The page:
Thursday, August 8, 2013

hello and welcome to the other side of the world!

So I used to have a blog during my fourth year of medical school.  It was here:  You can read it if you like!  But I kind of abandoned it during residency, because… RESIDENCY.  There’s a reason that the life mantra for residents is “eat when you can, sleep when you can, pee when you can.”  Note that there is no “blog when you can” in that mantra.  For me there was apparently a “have babies when you can” caveat, though, because I had two.  You know, if you CAN spend half your residency pregnant (and another
year of it breastfeeding/pumping), why WOULDN’T you?

Anyway, residency is now over.  And I felt like starting a new blog instead of picking the old one back up, because SO much of my life has changed since then.  I’m, like, a doctor and a mom and stuff.

And also, living in Guam!

Guam.  Yes.

We just moved here so it’s still a bit surreal. 

What happened was that, back in the fall/winter (I don’t remember exactly when, to be honest), the Navy told Jack, “Here’s a list of 22 places around the world where we have pediatricians practicing.  List them in your order of preference.  Go!  (No guarantees that we will honor your preference.)

Do you know how weird/hilarious it is to list 22 worldwide locations that you know almost nothing about in order of preference?  We had to look some up to see where they were.  We literally wrote them all on slips of paper and then arranged/rearranged them in a list on the floor.  I took a picture of the final result:

It seems a bit random, because… well… it kind of is.  I mean, what order would YOU put them in?  Is Okinawa preferable to Yokosuka?  Rota vs. Sigonella?  Bremerton vs. Jacksonville?  It’s just such a crazy spread of places.  (Some that seem like preferable locations, we ranked lower if they only had a clinic instead of a whole hospital.)

Anyway, back in March they broke the news:  Guam.

In case you’re not ENTIRELY sure where Guam is (as, I’ve found, most people aren’t), it’s a little speck of an island in the Pacific, just north (yes, north) of the equator.  It’s about 1000 miles east of the Philippines, 1500 miles south of Japan, and 1500 miles north of Papua New Guinea.  It’s 30 miles long and about 6 miles wide at the widest point.  Population of around 160,000.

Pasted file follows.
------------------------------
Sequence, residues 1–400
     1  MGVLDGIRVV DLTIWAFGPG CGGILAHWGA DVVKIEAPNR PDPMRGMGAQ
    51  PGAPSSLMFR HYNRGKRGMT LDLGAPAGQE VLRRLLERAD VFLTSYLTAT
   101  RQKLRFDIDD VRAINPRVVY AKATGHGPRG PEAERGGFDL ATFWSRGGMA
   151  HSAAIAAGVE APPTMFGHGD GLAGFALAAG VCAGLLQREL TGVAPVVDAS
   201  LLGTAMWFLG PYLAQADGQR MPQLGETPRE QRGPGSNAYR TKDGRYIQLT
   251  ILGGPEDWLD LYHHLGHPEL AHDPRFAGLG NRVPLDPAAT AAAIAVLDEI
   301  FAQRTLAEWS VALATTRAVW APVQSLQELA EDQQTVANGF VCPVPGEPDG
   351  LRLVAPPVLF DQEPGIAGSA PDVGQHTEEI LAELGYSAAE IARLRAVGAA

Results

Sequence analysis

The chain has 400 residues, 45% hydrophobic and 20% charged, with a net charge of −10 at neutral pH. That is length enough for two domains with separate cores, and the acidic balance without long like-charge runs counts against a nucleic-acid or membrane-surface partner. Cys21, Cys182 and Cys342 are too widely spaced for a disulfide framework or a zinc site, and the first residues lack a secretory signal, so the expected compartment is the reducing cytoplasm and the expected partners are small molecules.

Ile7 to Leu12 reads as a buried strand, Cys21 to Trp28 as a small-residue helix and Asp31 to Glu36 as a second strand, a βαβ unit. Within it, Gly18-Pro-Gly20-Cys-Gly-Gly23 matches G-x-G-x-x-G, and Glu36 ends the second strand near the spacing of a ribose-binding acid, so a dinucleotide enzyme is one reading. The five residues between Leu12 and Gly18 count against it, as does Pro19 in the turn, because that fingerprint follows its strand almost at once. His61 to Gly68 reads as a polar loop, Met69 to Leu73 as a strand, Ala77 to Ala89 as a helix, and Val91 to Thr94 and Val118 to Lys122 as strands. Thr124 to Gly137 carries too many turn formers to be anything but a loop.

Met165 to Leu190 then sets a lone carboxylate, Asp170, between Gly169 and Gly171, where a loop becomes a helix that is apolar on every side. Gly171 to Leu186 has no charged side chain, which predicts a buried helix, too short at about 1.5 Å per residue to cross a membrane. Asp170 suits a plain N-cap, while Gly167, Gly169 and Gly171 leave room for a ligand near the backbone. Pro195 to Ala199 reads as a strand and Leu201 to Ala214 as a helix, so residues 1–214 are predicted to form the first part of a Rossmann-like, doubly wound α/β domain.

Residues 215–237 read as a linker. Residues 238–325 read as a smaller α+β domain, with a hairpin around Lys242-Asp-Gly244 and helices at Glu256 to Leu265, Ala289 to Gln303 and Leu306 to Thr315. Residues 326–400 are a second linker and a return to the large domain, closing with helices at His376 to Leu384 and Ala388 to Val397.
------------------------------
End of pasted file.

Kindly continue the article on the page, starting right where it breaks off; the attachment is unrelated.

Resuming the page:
Not much different from DC, right?  (Hahahahaha.)

If you know anything about PCSing (PCS = Permanent Change of Station - the military could rival medicine for number of acronyms), you know that the whole time since they gave Jack his orders to Guam, the whole five months since then, have been full of… paperwork.

(That’s another way the military is similar to medicine, by the way.  Both SOUND exciting, but are in actuality fairly boring and full of mostly paperwork.  Moving to Guam sounds kind of exciting, right?  But in actuality it entails things like getting medical checklists signed off by doctors you’ve never met, completing powerpoint-style “move counseling” online, tallying up the total weight of your household goods, standing in line for no-fee passports, and getting health certificates for your dog.  Working as a doctor in a hospital sounds kind of exciting, right?  But in actuality it entails things like writing endless structured daily progress notes, typing orders into a computer, calling the lab to ask them why the results aren’t in yet, and trying to reconcile lists of patient medications with the pharmacy.)

And if you know anything about PCSing overseas (a.k.a. OCONUS = Outside the CONtinental United States), you are not surprised to learn that despite being here for almost 2 weeks now, we are still living out of suitcases and in temporary housing, and our household goods (a.k.a. HHGs… again with the abbreviations) are God-And-The-Navy-Only-Know-Where.  We certainly don’t.  On the ocean somewhere, I suppose.  We’re supposed to be able to track them on the DTS (that’s Defense Travel System) website, but it seems to be broken.  At least, we can’t log in no matter what we try.

BUT!  We’re moving into our house on the 15th, and presumably all our stuff will get here eventually.  So until then, we’re dealing with it. 

And the scenery is nice.

1 comment :

  1. You are so right about the "exciting" jobs being pretty dull most of the time! My father in law is a pediatrician who owns his own practice in rural Georgia (one of the last places you can actually do that!) There is sooooo much paperwork!! And the EMRs promise ease of use, but half the time they make more work IMO. Question: have you ever watched Scrubs? And if so, don't you just love it? I think it's much more accurate than the more "thrilling" TV shows like Grey's Anatomy (gag) or House.